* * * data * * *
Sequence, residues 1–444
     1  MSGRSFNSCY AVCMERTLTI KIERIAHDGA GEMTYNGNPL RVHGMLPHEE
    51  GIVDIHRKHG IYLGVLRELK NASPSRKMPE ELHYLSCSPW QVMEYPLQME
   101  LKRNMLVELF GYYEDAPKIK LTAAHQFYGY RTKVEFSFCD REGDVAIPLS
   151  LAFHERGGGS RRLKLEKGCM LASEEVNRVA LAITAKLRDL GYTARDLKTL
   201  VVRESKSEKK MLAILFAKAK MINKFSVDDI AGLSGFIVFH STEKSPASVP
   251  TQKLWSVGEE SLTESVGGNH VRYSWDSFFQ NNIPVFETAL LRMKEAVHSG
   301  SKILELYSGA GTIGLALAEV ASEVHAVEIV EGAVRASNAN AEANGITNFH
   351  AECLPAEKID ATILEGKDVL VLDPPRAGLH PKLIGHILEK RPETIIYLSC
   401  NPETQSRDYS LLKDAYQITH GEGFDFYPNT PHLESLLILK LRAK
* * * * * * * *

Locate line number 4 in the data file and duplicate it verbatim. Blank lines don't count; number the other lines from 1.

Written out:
   101  LKRNMLVELF GYYEDAPKIK LTAAHQFYGY RTKVEFSFCD REGDVAIPLS